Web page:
Why it's not just older people who may need their blood pressure checked

New research has found that a third of under-35s have high or above-average cholesterol levels, which can lead to high blood pressure and conditions such as heart attack and stroke, writes Thea Jourdan. Is it time to routinely test younger people?

No-one is sure why younger women are developing high cholesterol when they still have protective circulating oestrogen
Thea Jourdan

YOUNG people don't need to worry about high cholesterol and high blood pressure – right? Wrong. Startling new data has found that a third of people under 35 have high or above-average cholesterol levels.

Too much of this fatty substance can narrow and block blood vessels, leading to cardiovascular disease and issues such as angina and heart attack.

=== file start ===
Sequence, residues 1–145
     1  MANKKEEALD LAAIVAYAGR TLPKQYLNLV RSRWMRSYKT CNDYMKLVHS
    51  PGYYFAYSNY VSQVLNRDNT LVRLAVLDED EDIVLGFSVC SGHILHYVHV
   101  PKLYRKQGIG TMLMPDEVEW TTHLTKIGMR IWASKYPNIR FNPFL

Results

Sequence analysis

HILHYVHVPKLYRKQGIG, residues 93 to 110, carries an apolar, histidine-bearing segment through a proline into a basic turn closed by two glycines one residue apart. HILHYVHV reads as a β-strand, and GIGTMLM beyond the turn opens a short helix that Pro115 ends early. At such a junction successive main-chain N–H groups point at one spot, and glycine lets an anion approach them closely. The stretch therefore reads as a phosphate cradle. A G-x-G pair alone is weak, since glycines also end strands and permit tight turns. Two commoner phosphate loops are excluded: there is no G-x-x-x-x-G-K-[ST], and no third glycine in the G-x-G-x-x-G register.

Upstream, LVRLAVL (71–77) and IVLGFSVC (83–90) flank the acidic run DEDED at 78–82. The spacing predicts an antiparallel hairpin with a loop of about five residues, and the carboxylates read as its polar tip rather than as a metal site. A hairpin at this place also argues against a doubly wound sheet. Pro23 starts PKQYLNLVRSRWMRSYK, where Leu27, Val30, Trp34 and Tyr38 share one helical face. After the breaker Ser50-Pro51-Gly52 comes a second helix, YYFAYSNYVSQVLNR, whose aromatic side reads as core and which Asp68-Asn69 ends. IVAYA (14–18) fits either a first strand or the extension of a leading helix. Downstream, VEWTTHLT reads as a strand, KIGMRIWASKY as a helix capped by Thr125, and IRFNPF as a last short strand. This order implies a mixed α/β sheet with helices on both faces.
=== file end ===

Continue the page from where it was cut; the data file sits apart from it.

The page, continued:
The study results, from tests conducted in pharmacies on 140,000 people across the UK over a year, also showed 66 per cent of under-35s have high or pre-high blood pressure.

"This is definitely worrying," says Katharine Jenner, chief executive of the charity Blood Pressure UK.

The results are especially concerning as another study, published last month, found that those whose blood pressure increased most during their 30s tended to have smaller brains in their 70s and may be at increased risk of dementia.

The new research, by LloydsPharmacy, was based on standard blood pressure checks using an arm cuff, and cholesterol tests.

For those under the age of 80, blood pressure should be less than 140/90. Cholesterol readings are given as a ratio of ‘good' cholesterol, known as HDL, to the total of ‘bad' cholesterol, known as LDL. A ratio of under four is normally regarded as healthy.

So why do so many young people have high readings?